What does Behavior Analyst Licensure Mean for You?April 9, 2014 3:39 pm Leave your thoughts
The 2014 Florida Legislative Session will vote on Florida Behavior Analyst Licensure. New York just passed similar legislation, which requires behavior analysts in the state to obtain licensure in behavior analysis. This blog will provide a brief Q&A introduction to the licensure legislation.
Why is licensure necessary?
There are currently over 10,000 behavior analysts recognized by the Behavior Analyst Certification Board (BACB). The BACB is a nonprofit corporation responsible for setting eligibility, renewal, and recertification standards for behavior analysts. The BACB also disseminates guidelines for responsible conduct for behavior analysts as well as conducts investigations into consumer complaints. However, the process for the BACB to review consumer complaints is less efficient than under a state board of professional licensure (Dorsey, Weinberg, Zane, & Guidi, 2009). The BACB website states that “the Behavior Analyst Certification Board will not review and decide the complaint until local agencies, including any professional credentialing board, have investigated and ruled on the case. You may wish to wait until these rulings have been made and are available before you send a formal complaint to the BACB.” A state board of professional licensure would conduct more time-intensive, local investigations into complaints (Dorsey et al.). Furthermore, the types of allegations the BACB investigates are limited to those that fall under the BACB Professional Disciplinary and Ethical Standards. Complaints that fall under the Guidelines for Responsible Conduct are not investigated.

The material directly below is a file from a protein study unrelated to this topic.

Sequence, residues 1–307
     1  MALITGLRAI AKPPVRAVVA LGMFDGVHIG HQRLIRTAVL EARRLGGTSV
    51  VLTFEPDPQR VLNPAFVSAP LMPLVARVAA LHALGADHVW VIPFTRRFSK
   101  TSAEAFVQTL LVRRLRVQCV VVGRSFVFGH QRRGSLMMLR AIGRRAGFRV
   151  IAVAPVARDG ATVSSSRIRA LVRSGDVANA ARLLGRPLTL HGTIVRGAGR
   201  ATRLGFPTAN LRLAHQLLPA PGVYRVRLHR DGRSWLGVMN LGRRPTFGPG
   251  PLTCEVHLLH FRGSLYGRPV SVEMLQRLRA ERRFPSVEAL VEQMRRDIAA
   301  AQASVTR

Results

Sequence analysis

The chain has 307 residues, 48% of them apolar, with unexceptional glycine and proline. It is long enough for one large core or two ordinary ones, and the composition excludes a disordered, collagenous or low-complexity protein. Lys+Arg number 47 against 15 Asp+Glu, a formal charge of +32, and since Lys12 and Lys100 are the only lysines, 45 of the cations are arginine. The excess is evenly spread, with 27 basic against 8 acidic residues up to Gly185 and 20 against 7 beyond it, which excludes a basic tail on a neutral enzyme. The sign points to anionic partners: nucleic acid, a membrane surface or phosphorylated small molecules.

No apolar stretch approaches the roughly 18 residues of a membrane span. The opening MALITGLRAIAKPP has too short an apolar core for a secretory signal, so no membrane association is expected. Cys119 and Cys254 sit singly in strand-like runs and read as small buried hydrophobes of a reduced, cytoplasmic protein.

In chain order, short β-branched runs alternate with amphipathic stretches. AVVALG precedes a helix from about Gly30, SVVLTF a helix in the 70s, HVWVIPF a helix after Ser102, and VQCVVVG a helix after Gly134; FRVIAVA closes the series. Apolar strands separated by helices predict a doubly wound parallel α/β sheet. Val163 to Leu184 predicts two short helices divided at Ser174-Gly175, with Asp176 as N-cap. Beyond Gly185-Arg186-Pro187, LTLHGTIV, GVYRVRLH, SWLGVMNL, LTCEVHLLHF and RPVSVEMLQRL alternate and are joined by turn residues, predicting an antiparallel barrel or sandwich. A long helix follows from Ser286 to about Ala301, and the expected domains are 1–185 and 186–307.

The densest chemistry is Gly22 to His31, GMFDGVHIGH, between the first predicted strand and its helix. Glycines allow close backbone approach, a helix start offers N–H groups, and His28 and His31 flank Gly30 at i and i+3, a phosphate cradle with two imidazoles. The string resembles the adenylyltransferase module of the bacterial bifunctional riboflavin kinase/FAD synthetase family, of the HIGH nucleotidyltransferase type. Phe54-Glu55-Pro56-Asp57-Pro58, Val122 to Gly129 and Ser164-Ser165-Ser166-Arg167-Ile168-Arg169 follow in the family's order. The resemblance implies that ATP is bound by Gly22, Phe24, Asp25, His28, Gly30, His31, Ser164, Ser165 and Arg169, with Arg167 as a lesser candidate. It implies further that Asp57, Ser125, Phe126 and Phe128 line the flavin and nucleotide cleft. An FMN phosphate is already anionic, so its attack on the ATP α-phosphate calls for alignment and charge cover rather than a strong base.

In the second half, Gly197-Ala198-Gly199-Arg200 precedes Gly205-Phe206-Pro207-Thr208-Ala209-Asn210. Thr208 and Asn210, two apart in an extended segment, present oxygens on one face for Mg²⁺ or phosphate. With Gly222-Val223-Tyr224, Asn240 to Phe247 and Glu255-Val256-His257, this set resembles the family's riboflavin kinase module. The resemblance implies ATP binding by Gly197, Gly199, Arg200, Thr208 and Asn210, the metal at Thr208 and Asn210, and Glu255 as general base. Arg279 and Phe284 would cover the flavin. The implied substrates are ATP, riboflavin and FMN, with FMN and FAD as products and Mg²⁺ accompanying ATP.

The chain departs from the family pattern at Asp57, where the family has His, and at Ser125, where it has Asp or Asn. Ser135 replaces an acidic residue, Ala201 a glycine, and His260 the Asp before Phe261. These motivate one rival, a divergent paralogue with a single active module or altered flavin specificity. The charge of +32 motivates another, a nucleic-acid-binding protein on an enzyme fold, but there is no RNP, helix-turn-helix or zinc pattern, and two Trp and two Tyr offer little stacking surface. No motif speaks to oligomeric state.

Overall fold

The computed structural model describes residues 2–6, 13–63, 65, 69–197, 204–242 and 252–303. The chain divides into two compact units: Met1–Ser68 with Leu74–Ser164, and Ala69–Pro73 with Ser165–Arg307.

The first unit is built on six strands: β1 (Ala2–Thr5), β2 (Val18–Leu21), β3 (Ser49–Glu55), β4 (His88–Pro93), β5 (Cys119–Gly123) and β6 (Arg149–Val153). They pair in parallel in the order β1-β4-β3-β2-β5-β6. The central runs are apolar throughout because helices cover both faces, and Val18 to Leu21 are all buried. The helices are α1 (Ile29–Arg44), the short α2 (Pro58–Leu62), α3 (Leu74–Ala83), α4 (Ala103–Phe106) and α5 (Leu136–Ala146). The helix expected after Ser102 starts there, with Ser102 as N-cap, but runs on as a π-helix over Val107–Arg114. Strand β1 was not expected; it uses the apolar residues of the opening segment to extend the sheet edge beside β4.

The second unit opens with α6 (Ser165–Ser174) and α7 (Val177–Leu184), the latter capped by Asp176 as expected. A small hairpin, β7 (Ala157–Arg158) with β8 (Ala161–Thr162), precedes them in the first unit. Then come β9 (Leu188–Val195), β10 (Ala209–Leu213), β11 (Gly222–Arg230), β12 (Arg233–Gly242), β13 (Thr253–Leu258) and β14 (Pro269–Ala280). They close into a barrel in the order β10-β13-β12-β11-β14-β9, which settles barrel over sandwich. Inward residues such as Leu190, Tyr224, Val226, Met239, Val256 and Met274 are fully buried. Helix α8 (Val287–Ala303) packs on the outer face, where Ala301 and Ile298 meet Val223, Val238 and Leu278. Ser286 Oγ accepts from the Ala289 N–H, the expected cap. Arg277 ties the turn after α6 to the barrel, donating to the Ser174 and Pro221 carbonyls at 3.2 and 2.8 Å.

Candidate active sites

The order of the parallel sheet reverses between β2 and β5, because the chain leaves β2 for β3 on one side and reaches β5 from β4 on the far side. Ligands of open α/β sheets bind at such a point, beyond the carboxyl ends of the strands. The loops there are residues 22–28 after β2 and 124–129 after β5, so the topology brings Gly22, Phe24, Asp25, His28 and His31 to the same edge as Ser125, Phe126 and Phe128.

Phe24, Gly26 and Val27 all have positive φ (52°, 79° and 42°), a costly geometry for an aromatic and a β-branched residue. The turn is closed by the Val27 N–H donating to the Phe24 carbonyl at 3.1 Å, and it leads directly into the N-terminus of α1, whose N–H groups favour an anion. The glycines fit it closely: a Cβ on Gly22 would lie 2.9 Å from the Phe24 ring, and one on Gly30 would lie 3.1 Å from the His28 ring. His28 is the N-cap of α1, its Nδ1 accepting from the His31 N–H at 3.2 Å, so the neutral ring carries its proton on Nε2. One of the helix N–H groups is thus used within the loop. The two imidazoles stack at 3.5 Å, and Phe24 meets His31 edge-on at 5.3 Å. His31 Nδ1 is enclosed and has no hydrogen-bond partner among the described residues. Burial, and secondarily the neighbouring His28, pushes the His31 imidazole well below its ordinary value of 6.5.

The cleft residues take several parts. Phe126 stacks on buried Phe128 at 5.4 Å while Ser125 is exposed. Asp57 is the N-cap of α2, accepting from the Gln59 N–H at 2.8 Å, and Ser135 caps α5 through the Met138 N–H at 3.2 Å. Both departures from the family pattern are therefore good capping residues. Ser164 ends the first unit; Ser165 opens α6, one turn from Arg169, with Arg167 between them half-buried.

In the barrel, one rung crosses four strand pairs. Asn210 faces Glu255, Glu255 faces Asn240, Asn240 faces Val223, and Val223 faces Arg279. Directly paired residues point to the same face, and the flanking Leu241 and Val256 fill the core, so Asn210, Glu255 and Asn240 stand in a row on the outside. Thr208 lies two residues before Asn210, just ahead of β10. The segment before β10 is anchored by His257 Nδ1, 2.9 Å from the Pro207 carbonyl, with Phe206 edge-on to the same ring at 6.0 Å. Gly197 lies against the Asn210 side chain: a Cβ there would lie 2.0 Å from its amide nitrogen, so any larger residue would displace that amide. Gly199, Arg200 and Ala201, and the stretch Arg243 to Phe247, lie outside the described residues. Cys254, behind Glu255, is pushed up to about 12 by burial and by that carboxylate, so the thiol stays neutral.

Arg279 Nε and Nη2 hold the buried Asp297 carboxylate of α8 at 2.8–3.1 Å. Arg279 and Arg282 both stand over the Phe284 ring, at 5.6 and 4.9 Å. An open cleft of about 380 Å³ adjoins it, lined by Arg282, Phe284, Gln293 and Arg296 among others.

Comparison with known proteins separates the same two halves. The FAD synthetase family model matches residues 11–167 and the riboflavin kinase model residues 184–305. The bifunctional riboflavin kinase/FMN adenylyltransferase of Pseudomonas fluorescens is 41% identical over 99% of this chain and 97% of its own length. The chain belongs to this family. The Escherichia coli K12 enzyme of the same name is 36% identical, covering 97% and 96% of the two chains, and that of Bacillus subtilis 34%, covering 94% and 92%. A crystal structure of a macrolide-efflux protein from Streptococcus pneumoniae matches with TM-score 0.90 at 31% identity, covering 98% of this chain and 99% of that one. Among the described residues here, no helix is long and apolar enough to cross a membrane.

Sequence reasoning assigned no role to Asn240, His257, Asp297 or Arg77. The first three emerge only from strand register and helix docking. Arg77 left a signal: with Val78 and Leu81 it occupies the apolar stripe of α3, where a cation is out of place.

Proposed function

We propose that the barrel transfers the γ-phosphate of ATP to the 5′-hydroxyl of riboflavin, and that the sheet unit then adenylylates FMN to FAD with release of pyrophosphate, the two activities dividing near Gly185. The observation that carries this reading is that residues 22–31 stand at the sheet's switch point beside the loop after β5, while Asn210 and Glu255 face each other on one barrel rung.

In short, professional state licensure protects you as a consumer against misrepresentation, malpractice, and negligence.
How does licensure affect my child’s services?
Professional state licensure would require anyone stating to be a behavior analyst to have state licensure as a behavior analyst. This would help ensure that your child is receiving services from a qualified analyst that is accountable to both the state licensing board as well as the BACB.
What can I do to help?
Before the state licensure bill passes in Florida, it will be referred to various committees that will vote on the bill. You can help increase awareness and support of the bill by writing to your representatives. Visit Florida Association for Behavior Analysis for letter templates, links to representatives, ongoing news concerning the bill, as well as opportunities to testify in support of the bill in Tallahassee.
Dorsey, M.F., Weinberg, M., Zane, T., & Guidi, M. M. (2009). The case for licensure of applied behavior analysis. Behavior Analysts in Practice, 2, 53-58.